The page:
Oh, Sweet, Sweet Crumpets…
Many years ago, I discovered something called crumpets for sale at my local grocery store. I think it must have been during my Anglomania days. It was a time when I craved all things British. Not sure exactly why. It all just sounded so exotic and normal at the same time.
Like any fad that, too, eventually faded. Battenburg cake became passé; tea was just too weak for an espresso-drinking girl; and english muffins just seemed illogical to me. Is it a bun or a muffin?
Crumpets, however, have never lost their lustre. As tasty as pancakes (though not nearly as sweet) and perfect for holding pats of melted butter and spoonfuls of jam. I can still find them in a few of the grocery stores near my home, but I’ve always wondered if I could duplicate them at home. My motivation was partly expense – surely, they’re cheaper if homemade – and partly taste. I wanted mine to be even more scrumptious than store-bought.
And there is where I hit the wall.
I flipped through cookbooks and searched the internet. There are lots of crumpet recipes out there, some more elaborate than others. The basic problem to all of the recipes I tried was the final look of the things. Crumpets should (as far as I know) be lightly browned on the bottom, not browned on top, and most importantly, crumpets must be covered in holes. The last part is the main difference between crumpets and pancakes. The top develops lots of tiny holes as it cooks. Those holes are what capture and hold anything you choose to spread on your crumpet.
Each of my attempts resulted in hole-less crumpets. The key, it seems, is to achieve the correct proportion of liquid to dry. The batter needs to be loose enough to allow the surface bubbles to pop as it cooks, leaving behind holes. If the batter is too thick (or even too wet), the bubbles may not form at all. Or worse still, the bubbles will form (making you think the batter’s perfect) only to pop, cook and leave the surface as smooth as a pancake’s.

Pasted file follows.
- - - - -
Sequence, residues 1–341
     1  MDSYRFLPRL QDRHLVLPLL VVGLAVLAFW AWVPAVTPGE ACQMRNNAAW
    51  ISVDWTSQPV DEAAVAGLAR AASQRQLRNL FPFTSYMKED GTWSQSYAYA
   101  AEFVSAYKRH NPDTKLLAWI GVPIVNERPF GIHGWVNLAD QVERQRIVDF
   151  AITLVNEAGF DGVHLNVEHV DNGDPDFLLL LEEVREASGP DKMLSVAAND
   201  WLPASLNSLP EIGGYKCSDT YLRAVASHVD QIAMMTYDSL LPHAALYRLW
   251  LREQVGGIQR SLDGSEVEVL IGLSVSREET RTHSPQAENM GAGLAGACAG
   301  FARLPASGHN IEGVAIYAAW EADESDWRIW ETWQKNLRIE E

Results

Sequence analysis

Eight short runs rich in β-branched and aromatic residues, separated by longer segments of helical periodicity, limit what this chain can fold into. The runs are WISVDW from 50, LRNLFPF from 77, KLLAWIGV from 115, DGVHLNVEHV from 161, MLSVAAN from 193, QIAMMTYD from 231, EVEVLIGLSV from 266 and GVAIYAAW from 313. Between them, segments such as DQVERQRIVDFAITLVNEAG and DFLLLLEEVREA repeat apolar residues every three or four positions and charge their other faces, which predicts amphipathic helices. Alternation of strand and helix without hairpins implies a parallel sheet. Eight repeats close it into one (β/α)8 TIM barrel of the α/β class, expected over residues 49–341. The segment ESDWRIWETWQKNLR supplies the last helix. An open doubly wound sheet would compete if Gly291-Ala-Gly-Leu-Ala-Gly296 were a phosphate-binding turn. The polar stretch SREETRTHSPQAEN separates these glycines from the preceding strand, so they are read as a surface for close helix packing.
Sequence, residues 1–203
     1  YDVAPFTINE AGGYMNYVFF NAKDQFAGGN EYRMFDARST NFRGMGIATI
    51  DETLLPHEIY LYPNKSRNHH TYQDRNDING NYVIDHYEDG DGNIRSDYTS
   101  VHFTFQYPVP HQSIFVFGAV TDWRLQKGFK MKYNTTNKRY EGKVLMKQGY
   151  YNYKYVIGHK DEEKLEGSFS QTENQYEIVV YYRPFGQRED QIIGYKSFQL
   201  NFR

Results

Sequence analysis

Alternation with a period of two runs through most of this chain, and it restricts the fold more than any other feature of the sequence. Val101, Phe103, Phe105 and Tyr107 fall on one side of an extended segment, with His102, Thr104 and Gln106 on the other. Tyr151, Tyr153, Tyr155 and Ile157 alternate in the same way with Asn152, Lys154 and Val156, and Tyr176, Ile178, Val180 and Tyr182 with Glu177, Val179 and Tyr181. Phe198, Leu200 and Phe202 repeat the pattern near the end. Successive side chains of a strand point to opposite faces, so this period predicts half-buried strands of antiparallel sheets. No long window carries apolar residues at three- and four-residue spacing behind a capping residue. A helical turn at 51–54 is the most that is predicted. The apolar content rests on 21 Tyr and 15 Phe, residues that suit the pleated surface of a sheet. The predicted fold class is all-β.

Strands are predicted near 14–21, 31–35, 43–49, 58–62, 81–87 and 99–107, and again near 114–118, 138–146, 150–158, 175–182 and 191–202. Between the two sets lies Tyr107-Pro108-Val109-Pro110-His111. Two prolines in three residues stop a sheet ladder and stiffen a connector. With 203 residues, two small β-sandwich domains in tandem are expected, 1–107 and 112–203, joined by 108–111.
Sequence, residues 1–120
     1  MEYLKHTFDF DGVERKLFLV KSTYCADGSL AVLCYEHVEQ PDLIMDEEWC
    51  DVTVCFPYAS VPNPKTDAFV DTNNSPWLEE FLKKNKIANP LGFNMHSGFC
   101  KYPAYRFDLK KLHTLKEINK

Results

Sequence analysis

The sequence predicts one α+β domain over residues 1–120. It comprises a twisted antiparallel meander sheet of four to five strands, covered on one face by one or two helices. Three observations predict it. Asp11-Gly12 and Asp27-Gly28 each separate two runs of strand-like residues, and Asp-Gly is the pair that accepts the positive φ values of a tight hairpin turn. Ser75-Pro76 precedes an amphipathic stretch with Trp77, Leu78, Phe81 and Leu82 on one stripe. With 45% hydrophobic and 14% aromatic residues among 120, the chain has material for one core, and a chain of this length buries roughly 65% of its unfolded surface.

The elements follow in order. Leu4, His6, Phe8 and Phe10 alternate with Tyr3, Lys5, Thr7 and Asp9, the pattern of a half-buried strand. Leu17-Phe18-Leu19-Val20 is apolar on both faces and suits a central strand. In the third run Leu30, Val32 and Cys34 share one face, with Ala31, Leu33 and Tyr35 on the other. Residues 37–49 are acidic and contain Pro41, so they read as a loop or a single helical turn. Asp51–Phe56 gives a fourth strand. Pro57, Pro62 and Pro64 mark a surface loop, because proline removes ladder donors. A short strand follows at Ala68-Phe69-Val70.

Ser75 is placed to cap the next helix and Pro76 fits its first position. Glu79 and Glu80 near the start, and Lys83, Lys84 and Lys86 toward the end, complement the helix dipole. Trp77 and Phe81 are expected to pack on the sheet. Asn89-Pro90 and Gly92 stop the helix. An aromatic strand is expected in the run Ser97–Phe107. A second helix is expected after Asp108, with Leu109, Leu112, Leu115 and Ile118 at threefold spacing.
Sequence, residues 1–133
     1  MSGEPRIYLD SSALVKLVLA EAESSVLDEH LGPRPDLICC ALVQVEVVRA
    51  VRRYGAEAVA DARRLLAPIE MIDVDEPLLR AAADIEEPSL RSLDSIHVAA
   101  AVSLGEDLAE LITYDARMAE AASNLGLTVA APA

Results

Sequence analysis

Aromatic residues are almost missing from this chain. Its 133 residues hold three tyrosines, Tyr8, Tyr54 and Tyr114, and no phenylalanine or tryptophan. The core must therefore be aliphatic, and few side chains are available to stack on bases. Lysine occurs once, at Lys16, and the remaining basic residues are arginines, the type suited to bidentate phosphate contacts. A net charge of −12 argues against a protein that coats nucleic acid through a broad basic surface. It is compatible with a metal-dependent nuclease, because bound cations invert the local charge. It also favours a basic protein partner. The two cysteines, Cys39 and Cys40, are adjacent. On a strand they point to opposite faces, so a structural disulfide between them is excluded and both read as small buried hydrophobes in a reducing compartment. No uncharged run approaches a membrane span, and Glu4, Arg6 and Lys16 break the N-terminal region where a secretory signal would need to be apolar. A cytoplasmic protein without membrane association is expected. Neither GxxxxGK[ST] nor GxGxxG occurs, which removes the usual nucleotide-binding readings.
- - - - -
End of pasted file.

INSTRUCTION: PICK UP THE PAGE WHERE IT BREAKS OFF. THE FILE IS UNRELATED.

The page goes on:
I did find the solution. I came across a crumpet recipe by King Arthur flour. The crumpets that resulted were, by far, the best I’ve ever made. They weren’t as holey as the store-bought variety, but maybe duplicating what can be done in a factory is a near-impossible feat. I also adapted the recipe slightly by adding a couple teaspoons of sugar. Some crumpet recipes call for baking soda as a way to make the batter bubbly. I did try that, but found that it didn’t really make any difference. The key really does lie in the proportion of wet to dry ingredients.
For now, I’m happy that I’ve come close. But, rest assured, I will keep on tweaking this recipe until I get a crumpet that’s perfectly holey!
Here’s my take on King Arthur’s recipe:
1 1/2 cups lukewarm water (approx. 100°F)
1 cup lukewarm milk (approx. 100°F)
2 Tbsp melted butter
3 1/2 cups all purpose flour
2 1/2 tsp instant yeast
2 tsp sugar
1 tsp baking powder
1 tsp salt
1. Stir dry ingredients together until well blended.
2. Add water, milk and melted butter to dry ingredients. Stir well until batter comes together. Leave in a warm place to rise for 1 hour.
3. Heat a non-stick pan over medium-low heat. If you’re using crumpet or egg rings, grease them well. Rings can be made from tuna cans that have had tops and bottoms removed. Otherwise, simply spoon batter into rounds in the pan.
4. Cook for at least 10 minutes on one side. Bubbles should form and pop on the surface as the crumpets cook. Commercially-made crumpets are not flipped. They’re allowed to cook on one side until the top has dried. If you’d like some colour on top, then flip the crumpets over and cook for 3 to 5 minutes.
Toast crumpets and spread with butter and jam.